The question of icon-worship seems to be purely practical, given that icon-painting is a church-applied art. But in the Orthodox Church he received an extremely thorough, truly theological staging. What is the deep connection between Orthodoxy and icon-worship? Where the depth of communion with God can take place without icons, in the words of the Savior: “The time is coming when you will worship the Father neither on this mountain nor in Jerusalem” (John 4:21). But the icon depicts life in the age to come, life in the Holy Spirit, life in Christ, life with Heavenly Father. That is why the Church honors her icon.
Iconoclasm (the struggle against sacred images) raised a long-standing question: the denial of icons had existed for a long time, but the new Isaurian, imperial dynasty in Byzantium turned it into a banner of its cultural and political agenda.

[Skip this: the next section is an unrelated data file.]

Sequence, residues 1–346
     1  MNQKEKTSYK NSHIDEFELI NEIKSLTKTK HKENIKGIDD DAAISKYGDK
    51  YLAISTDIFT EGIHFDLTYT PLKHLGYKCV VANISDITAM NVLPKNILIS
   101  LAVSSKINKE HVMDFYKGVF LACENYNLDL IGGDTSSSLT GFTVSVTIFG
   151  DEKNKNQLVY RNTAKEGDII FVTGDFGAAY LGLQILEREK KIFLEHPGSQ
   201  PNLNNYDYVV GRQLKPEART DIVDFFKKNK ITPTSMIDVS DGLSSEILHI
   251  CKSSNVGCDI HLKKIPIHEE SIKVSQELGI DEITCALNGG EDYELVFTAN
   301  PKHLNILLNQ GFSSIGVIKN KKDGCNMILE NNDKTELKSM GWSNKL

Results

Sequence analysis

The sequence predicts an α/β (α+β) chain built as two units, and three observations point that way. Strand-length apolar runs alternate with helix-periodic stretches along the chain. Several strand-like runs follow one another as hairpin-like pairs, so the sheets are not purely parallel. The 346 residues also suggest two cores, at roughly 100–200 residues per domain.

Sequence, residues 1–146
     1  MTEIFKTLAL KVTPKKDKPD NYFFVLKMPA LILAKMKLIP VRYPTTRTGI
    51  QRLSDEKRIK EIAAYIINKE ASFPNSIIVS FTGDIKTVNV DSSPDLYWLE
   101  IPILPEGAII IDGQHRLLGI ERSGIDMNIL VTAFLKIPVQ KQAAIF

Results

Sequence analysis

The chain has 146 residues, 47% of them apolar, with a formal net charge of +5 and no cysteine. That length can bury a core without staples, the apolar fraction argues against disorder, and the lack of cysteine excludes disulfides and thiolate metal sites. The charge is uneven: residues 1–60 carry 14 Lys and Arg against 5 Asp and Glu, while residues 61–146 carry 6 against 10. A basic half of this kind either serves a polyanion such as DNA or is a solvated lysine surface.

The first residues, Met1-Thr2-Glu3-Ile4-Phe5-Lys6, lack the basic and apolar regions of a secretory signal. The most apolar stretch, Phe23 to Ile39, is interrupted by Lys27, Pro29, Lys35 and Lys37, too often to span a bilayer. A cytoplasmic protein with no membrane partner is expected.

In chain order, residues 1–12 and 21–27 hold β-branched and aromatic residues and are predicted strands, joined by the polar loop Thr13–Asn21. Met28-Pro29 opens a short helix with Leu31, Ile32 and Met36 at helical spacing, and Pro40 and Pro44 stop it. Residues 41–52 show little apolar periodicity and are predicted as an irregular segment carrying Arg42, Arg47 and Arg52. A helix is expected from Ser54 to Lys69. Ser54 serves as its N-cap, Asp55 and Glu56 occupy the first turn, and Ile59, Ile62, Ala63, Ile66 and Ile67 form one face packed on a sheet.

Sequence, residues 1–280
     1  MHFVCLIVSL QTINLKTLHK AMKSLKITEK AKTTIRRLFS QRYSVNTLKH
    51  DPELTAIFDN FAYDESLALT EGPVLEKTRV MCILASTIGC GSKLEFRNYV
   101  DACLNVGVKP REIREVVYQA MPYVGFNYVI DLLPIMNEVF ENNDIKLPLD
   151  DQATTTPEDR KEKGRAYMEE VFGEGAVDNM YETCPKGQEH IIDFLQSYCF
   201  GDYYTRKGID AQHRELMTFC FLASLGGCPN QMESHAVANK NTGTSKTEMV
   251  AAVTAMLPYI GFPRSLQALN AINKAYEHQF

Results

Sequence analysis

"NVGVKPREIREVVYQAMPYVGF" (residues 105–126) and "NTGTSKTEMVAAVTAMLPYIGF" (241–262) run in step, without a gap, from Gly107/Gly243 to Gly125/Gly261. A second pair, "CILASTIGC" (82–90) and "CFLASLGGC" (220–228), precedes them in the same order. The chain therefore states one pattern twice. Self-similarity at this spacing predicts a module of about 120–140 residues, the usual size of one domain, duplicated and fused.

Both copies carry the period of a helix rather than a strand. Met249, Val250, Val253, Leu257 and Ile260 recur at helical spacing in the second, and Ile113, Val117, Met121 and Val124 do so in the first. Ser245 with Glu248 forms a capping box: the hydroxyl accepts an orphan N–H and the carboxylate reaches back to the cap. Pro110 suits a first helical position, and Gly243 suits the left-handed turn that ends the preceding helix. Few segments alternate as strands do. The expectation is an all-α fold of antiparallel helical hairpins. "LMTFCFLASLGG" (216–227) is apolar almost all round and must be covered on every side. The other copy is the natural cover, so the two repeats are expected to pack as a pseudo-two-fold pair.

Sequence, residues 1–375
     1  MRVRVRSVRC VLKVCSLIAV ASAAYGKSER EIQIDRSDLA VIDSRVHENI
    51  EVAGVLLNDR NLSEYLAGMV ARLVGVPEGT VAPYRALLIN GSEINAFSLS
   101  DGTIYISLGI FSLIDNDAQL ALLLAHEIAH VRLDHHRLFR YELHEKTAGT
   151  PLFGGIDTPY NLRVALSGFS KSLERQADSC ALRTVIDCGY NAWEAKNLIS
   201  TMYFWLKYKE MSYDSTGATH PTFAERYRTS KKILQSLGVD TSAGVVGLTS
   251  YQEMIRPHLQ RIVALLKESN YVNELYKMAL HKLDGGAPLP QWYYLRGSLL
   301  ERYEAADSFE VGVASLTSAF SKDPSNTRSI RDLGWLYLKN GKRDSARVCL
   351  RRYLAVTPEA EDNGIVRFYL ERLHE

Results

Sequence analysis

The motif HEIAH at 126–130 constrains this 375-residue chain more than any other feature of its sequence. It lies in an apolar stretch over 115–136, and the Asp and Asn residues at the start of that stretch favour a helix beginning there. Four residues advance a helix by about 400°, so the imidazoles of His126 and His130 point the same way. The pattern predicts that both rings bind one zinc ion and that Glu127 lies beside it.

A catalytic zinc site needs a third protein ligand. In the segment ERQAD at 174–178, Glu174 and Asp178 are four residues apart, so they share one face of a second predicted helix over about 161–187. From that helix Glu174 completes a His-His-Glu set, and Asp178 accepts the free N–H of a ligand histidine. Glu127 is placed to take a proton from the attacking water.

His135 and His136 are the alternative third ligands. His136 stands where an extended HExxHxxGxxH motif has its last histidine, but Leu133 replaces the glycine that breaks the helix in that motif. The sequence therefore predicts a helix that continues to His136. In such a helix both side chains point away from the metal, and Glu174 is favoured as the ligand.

And in the first catacomb period of persecution, the hidden Christian symbolism appeared. Both sculpturally and picturesquely depicted the quadrangular cross (sometimes as the letter X), dove, fish, ship – all understandable to Christian symbols, even those borrowed from mythology, such as Orpheus with his lyre or winged geniuses who became subsequently typical images of angels. The fourth century, the century of freedom, brought into Christian temples already as generally accepted ornaments on the walls whole biblical paintings and illustrations of the new Christian heroes, martyrs and ascetics. From the relatively abducted symbolism in the iconography in the IV century, we decisively move to concrete illustrations of biblical and evangelical deeds and the depiction of persons from church history. St. John Chrysostom informs us about the distribution of images – portraits of St. Meletius of Antioch. Blazh. Theodoret tells us about the portraits of Simeon the Pilgrim sold in Rome. Gregory of Nyssa is moved to tears by the picture of Isaac’s sacrifice.